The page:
Sunday, 15 December 2013

Instruments up, Instruments down

The last week was characterised by severe instrument interventions. Monday and Tuesday kept us busy with the extension of the mast of the automatic weather station. Monday I dug out an almost 2m deep hole around the mast. This depth was necessary to reach the top of the battery container. The batteries were pulled out and put into a new container which finally was placed on top of the old one. These batteries kept the weather station running now since almost five years, and they are still in good shape. It was a funny feeling being down in this hole and even when standing upright I could not look out. It was also a very warm, calm day and during digging, the warm down jacket was not necessary. Around noon, the air temperature in 2m height was even +3°C !  However, down there in the hole it was freezy. The aluminium mast had still the temperature of the surrounding snow/ice – around -20°C. My sweaty leather working gloves would freeze stuck immediately when touching the mast. The following day two colleagues –Francois (on the image in the hole) and Craig- helped me to extend the mast. First, disconnecting he upper part and laying it softly down on boxes in order to avoid ground-touching. Then we put the extension on the old bottom part and lifted finally the top part into the extension. Now the meteorological instruments are again in a height of around 4m. Afterwards, the hole needed to be filled. It was much more wind that day and the drifting snow helped to smoothen the surface around the mast. The days after I did detailed checks on the Brewer, the nephelometer and the cloud condensation nuclei counter (CCN). After many checks and tests Erik and I did in the heart of the Brewer instrument, it was clear that there is some malfunctioning of an electronic control board. And this we cannot fix here, why it will return already with me. The nephelometer also has a serious problem and very probably some parts of the optical interior have to be exchanged. As I do not have them here, it will also return with me. It’s more than a pity that these instruments have to return, but things like these can happen. On the other side, we could fix the pump problem of the CCN and it is working fine since Friday afternoon. So, it’s an up and down here. Apart from the instruments – the landscape around Utsteinen is always fascinating. That it is Antarctic summer is also marked by the snow petrels which are now gliding much more often and in higher number in the wind around our ridge. These birds bring up their chicks here in the mountains (far away from predators), but fetch the food at the coast. The coming days starts already the preparation for our departure.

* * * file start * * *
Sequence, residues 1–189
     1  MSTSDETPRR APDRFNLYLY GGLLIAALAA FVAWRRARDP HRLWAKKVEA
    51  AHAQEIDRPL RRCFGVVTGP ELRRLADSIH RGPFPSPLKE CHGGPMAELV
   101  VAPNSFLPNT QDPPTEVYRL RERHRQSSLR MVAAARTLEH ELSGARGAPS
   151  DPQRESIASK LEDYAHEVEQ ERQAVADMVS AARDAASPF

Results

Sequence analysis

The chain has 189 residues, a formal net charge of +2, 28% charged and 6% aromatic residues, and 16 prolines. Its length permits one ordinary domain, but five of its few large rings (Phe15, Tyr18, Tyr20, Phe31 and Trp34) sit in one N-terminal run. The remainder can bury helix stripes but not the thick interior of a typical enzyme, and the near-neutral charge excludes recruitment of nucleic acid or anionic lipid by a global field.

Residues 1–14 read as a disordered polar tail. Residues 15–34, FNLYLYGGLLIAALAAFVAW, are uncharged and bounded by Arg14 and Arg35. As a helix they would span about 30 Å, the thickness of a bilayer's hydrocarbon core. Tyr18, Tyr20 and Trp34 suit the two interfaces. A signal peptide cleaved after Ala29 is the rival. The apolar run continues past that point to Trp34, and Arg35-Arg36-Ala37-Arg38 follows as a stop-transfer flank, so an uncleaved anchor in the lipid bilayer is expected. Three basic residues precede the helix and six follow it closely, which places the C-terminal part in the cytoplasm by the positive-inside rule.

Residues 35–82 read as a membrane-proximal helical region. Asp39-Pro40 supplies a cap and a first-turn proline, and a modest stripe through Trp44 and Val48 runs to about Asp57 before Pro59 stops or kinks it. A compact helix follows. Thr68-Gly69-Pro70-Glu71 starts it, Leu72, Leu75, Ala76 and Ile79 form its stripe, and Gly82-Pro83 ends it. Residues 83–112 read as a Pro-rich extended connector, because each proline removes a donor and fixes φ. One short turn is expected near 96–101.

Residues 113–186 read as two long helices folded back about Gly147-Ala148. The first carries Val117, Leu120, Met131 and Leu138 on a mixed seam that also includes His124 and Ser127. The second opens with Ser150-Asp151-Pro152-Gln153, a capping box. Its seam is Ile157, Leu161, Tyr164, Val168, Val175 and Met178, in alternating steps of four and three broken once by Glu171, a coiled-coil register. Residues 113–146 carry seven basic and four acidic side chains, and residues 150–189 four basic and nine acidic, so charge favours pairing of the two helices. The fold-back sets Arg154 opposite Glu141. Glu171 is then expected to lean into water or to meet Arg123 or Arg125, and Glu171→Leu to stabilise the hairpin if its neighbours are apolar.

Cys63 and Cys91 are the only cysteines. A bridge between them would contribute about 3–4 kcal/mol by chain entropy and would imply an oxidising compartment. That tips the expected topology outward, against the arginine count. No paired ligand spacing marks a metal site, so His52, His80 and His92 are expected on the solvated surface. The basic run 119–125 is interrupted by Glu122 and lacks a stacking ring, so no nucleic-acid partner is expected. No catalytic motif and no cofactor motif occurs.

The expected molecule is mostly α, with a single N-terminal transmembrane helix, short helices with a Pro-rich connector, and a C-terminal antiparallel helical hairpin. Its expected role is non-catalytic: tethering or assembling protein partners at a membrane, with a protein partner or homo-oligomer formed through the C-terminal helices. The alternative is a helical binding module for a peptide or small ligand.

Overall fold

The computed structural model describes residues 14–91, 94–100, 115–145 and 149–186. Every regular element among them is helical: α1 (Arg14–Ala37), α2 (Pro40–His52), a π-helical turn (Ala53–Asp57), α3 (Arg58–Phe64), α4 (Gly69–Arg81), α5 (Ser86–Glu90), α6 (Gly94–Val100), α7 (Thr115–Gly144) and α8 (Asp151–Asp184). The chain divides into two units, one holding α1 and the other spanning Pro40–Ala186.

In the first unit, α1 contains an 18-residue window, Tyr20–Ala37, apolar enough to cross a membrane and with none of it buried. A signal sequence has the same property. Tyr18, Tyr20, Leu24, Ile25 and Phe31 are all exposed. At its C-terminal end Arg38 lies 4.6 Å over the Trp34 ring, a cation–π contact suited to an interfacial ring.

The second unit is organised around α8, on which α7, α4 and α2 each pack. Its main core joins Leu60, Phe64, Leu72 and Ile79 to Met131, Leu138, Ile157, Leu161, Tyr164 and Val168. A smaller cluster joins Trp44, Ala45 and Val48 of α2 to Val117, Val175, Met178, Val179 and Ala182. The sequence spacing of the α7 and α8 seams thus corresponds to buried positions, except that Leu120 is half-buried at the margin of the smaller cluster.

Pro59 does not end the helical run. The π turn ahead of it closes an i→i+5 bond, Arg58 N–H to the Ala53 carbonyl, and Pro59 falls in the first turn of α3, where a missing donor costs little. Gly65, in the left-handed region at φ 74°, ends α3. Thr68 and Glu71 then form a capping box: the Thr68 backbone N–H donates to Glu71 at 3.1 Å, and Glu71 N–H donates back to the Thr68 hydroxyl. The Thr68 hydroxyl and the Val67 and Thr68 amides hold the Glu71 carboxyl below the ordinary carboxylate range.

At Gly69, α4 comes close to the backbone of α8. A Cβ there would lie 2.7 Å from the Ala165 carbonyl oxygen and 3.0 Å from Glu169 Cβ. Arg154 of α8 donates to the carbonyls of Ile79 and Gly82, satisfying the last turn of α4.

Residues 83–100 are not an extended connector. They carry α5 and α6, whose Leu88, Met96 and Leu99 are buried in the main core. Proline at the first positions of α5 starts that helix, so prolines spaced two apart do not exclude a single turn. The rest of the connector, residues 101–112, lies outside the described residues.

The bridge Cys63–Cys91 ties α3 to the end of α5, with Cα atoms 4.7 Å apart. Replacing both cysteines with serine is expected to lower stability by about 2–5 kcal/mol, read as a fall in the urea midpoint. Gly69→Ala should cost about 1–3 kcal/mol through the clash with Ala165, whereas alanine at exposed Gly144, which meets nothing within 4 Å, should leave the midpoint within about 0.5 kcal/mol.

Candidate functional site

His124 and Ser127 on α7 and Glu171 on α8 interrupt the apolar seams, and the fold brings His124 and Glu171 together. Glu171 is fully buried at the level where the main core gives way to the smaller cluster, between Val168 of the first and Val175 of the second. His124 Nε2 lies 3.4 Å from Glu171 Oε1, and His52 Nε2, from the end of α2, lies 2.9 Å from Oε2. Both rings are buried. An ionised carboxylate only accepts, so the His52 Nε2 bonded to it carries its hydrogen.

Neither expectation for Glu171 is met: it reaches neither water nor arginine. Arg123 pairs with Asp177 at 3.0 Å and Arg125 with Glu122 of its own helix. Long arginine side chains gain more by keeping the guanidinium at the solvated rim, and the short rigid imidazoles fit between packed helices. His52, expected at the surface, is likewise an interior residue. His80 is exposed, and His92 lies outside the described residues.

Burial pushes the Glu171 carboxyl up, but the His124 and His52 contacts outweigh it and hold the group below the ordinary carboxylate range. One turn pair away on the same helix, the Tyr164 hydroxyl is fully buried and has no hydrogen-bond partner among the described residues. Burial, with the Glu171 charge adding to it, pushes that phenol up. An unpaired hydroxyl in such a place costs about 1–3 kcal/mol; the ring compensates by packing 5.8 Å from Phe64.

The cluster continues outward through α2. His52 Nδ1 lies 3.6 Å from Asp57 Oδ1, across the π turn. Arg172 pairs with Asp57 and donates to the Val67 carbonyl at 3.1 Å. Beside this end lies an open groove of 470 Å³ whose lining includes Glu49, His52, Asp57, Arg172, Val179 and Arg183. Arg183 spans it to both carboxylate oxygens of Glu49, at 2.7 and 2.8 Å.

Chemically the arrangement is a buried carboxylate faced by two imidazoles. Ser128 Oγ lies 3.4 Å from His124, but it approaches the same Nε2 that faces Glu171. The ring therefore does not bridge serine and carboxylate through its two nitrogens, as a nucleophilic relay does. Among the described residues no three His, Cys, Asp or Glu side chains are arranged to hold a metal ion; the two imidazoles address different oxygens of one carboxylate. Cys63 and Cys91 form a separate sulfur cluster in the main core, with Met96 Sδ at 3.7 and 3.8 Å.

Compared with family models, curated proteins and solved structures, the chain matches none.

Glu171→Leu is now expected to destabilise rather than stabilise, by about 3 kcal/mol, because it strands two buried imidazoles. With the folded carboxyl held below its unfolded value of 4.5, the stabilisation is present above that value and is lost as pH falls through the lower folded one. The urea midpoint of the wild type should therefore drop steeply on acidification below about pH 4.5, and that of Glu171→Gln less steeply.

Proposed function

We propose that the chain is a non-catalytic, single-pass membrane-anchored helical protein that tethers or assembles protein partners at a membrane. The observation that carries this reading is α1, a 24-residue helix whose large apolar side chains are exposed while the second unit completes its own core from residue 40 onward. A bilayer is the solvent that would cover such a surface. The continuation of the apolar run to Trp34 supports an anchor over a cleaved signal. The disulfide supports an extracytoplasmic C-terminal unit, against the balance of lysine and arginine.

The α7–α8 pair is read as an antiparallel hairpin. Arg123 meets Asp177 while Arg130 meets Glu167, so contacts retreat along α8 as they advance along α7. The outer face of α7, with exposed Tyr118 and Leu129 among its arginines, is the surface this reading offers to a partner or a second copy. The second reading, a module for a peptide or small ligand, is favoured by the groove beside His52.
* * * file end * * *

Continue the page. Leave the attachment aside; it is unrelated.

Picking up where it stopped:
1 comment:

  1. Hi Alexander,

    Happy to have news from Antarctica and see that all is OK !
    In Belgium, no snow, some icy mornings but frost cannot stay after 9 am with temperatures around 10°C...Not really winter weather, but anyway quite pleasant days !
    Good luck for last technicals interventions and see you soon in Belgium ;-)